In my defense, I had never seen one of these feeders fully assembled. The two sides had the smooth sheet metal side pointed out. Why wouldn’t the back match them? In the manufacturer’s defense, when I looked closely after the fact, the sketch did show the panel oriented correctly. A note emphasizing the importance of correct orientation would have helped.
Poka-yoke is a Japanese term, roughly translated as “mistake proofing”, that refers to any method or mechanism that helps to avoid human errors in manufacturing and other activities. In the case of the creep feeder, a well-placed pin in one of the sides and a mating hole in the back panel would have saved me two mistaken assemblies. Poka-yoke is one of those funny, Japanese expressions that some Americans like to make fun of.
I wish they would take it seriously…
March 19, 2013 § Leave a Comment
Finally, our persistence in pursuing Pan-STARRS has payed off! The excitement is back to 100%.
At some point this afternoon the sun briefly made an appearance but retreated as a few more snow flakes blew in. By suppertime the cloudiness had at least broken up. We started to think that tonight might give us another chance to see this most recent visitor from the far reaches of the solar system. By 7:45 there was still some serious cloudiness in the west but we bundled up and gathered our gear for another cold evening on the hill.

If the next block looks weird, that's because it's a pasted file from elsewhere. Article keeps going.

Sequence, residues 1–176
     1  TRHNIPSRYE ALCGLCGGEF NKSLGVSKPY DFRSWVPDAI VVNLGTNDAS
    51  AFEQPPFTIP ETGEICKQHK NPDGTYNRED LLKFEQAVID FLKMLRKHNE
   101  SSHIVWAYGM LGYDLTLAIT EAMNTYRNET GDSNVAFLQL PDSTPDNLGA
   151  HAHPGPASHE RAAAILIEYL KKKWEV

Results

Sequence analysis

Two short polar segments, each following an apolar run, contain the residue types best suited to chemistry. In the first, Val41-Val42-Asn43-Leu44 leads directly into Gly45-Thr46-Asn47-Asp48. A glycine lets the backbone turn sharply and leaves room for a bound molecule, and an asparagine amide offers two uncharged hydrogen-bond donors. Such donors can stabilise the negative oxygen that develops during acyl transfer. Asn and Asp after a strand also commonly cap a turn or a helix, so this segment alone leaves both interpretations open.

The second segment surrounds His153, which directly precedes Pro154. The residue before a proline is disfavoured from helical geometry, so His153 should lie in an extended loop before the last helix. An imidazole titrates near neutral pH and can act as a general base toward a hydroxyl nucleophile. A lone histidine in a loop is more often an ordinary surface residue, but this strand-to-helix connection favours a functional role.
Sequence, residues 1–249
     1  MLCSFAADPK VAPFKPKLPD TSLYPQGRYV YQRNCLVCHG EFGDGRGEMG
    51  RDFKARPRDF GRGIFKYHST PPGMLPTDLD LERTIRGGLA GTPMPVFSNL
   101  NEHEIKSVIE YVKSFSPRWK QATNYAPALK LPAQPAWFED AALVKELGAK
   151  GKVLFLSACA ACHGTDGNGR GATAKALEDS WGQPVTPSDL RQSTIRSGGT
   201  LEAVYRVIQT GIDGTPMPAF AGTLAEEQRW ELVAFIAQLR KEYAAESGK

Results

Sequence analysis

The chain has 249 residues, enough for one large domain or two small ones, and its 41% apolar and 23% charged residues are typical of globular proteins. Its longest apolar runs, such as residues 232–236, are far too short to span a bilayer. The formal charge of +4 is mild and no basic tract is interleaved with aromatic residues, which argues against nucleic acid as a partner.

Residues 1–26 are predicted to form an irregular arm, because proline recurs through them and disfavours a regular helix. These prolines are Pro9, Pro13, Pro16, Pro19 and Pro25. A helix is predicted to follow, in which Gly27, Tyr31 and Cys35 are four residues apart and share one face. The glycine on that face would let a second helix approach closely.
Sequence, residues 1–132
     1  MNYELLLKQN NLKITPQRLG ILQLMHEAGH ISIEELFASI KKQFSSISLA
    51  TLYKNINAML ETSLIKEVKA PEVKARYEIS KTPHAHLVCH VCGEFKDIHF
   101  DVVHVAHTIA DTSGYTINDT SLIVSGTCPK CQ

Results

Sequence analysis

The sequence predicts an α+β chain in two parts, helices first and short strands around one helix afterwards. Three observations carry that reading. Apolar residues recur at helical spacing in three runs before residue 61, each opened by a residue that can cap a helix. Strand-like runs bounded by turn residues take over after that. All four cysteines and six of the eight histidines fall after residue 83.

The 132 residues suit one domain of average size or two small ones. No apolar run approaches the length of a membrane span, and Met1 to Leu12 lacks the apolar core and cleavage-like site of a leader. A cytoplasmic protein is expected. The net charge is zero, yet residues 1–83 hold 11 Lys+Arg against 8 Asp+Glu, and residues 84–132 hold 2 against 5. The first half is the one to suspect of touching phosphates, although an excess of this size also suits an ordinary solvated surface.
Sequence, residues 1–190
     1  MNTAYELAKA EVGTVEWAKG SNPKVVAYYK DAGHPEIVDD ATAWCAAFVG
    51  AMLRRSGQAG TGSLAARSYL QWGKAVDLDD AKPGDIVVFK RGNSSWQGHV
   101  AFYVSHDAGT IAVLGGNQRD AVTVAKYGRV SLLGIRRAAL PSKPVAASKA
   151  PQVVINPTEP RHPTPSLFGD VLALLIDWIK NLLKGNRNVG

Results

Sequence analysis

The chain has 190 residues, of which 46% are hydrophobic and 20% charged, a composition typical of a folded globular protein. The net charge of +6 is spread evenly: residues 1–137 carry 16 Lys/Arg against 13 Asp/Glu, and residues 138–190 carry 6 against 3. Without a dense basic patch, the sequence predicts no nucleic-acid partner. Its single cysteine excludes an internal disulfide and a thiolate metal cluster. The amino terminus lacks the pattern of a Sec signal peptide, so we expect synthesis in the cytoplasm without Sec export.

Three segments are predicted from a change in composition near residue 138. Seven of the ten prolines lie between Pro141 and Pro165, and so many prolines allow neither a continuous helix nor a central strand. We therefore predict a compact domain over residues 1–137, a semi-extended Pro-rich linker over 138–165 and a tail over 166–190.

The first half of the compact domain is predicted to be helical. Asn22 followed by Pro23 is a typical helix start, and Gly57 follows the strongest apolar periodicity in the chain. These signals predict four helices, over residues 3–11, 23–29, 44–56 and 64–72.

We looked and then we waited. Then repeated the cycle several times. It cleared off very nicely! Still we couldn’t see this little comet. It was bitterly cold again. The temperature was only 30 degrees but the wind was fairly stiff and out of the west…blowing right in our faces. Leah finally asked if I was sure we were looking in the right area. The chart I had from Sky and Telescope seemed fairly straightforward but the sky had darkened and cleared enough for me to start sweeping for it. I quickly found it higher and much further north than we had been looking. Either my compass is broken or the chart is not that accurate.
What a beautiful little comet! I could never see it without binoculars but it was quite easy with them, once we knew where to point them. We looked at it until we couldn’t take the cold any longer and headed back down to the house. After I put the car away we went up in the east field a little way and could see it from there too.
We’ll keep watching it now as it fades away back into deep space whenever we get another clear evening.
March 15, 2013 § 4 Comments
When I got my 2013 Astronomical Calendar by Guy Ottewell last December, I was excited to see that there was a possibility of two Great Comets this year. My excitement subsided by about 60% when I noticed that the first was in March and the second was in late November and early December. Then it dropped another 30% when I noticed that both would be near the sun during the best viewing windows.